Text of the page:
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Supreme Court’s Radical Immunity Ruling Shields Lawbreaking Presidents and Undermines Democracy

The Court’s opinion in Trump v. United States is a dangerous attack on the rule of law.

July 2, 2024

In a shocking and lawless opinion, the Supreme Court granted presidents broad protections from criminal prosecution for “official acts” they undertake while in office. This ruling from the Court’s conservative supermajority pulls a new constitutional rule from thin air. And it raises daunting, unjustifiable barriers to criminally prosecuting lawbreaking presidents. Trump is now positioned to renew his push to dismiss the charges against him and evade accountability for the grave crimes he’s accused of committing against our democracy. The Court has left the rule of law in tatters — even as it looks the other way.

The Court’s 6–3 opinion — authored by Chief Justice John Roberts and joined by Justices Clarence Thomas, Samuel Alito, Neil Gorsuch, Brett Kavanaugh, and Amy Coney Barrett — attempts to set out rules to govern prosecutions of any and all future occupants of the Oval Office. Presidents, the Court rules, “may not be prosecuted for exercising [their] core constitutional powers, and [are] entitled to at least presumptive immunity from prosecution for [their] official acts.” The Court notes that presidents “enjoy[] no immunity for [their] unofficial acts, and not everything the President does is official.” But the latter assertion rings hollow in the context of the opinion that surrounds it. The Court has created an elaborate system of ambiguous rules that will not only ratchet up the complexity of the case against Trump but also erode the checks on presidential illegality. It is both a roadblock to prosecution and an encouragement to more insurrection.

Trump v. United States involves Trump’s prosecution in Washington, DC, for federal crimes stemming from his alleged plot to overturn the results of the 2020 election, a driving force behind the January 6 attack on the Capitol. Special Counsel Jack Smith charged that, as part of this conspiracy, Trump and his allies promoted false claims of election fraud, pushed state officials to ignore the results of the popular vote, organized slates of false Trump electors, pressured the Justice Department to conduct sham election-crime investigations, and tried to get Vice President Mike Pence to replace authentic electors with phony ones.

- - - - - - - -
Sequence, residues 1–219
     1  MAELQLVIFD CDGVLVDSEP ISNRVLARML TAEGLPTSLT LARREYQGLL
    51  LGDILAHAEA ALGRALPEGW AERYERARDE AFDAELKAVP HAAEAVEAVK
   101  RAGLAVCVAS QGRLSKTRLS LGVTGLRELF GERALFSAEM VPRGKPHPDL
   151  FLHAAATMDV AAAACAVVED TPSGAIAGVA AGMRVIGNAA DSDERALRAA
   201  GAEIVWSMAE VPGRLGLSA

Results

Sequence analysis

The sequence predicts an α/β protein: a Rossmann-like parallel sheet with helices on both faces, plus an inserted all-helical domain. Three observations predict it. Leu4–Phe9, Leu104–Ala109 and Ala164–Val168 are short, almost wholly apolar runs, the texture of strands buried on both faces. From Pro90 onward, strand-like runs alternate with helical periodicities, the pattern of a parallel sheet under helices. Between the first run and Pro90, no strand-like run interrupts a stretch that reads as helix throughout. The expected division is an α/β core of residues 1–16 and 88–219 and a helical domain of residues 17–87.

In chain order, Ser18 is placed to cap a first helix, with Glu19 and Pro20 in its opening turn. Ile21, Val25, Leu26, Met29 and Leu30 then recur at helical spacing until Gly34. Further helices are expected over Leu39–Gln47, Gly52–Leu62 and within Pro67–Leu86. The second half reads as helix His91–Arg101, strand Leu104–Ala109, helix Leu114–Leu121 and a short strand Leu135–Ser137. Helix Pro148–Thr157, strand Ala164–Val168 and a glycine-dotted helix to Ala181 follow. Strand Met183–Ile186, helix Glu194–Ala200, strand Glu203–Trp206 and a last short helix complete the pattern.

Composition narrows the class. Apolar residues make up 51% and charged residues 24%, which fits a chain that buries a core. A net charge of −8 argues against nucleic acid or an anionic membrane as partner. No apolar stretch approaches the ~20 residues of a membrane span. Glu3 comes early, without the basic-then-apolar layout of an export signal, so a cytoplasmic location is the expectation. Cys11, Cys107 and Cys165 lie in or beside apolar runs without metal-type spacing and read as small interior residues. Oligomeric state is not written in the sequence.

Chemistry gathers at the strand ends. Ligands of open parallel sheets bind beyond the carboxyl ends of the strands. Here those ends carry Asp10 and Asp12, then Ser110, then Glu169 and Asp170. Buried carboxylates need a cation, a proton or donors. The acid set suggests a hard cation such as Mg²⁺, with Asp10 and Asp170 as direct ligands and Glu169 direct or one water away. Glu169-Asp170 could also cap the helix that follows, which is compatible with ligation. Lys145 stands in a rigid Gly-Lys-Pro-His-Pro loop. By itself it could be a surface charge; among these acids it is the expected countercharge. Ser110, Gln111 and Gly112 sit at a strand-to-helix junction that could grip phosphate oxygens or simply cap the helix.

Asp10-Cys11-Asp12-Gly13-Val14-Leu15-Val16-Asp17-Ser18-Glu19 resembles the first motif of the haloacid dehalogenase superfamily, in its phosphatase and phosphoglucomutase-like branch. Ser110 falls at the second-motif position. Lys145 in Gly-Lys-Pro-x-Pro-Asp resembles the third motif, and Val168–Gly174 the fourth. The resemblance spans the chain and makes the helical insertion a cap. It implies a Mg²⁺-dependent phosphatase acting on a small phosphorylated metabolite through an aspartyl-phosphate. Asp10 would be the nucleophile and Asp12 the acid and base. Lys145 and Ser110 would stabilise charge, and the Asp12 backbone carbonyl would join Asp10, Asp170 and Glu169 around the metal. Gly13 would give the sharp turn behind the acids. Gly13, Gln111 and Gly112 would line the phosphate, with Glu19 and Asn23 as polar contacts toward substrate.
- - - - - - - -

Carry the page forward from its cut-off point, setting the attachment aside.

Trump tried to have the case tossed — or, at the very least, stalled until after the 2024 election — by arguing that presidents are absolutely immune from criminal prosecution for their official acts. After his arguments failed in the trial court and the appellate court, he brought it to the Supreme Court, which rewarded his transparent delay tactics and scorched-earth lawyering with an opinion that is shocking in both its substance and its effect.

The Court has held for the first time that presidents stand above the criminal law, a radical rejection of a bedrock part of the American legal and political tradition. The idea that lawbreaking presidents could be prosecuted was common sense to the Constitution’s framers, critical to the ratification of the Constitution in the late 18th century, and a background principle against which all presidents have done their jobs in the centuries since then. (Fifteen leading historians represented by the Brennan Center and our co-counsel at the law firm Friedman Kaplan made precisely this case in a friend-of-the-court brief this spring.) The Court has discarded all of this, fashioning a new constitutional rule from nothing.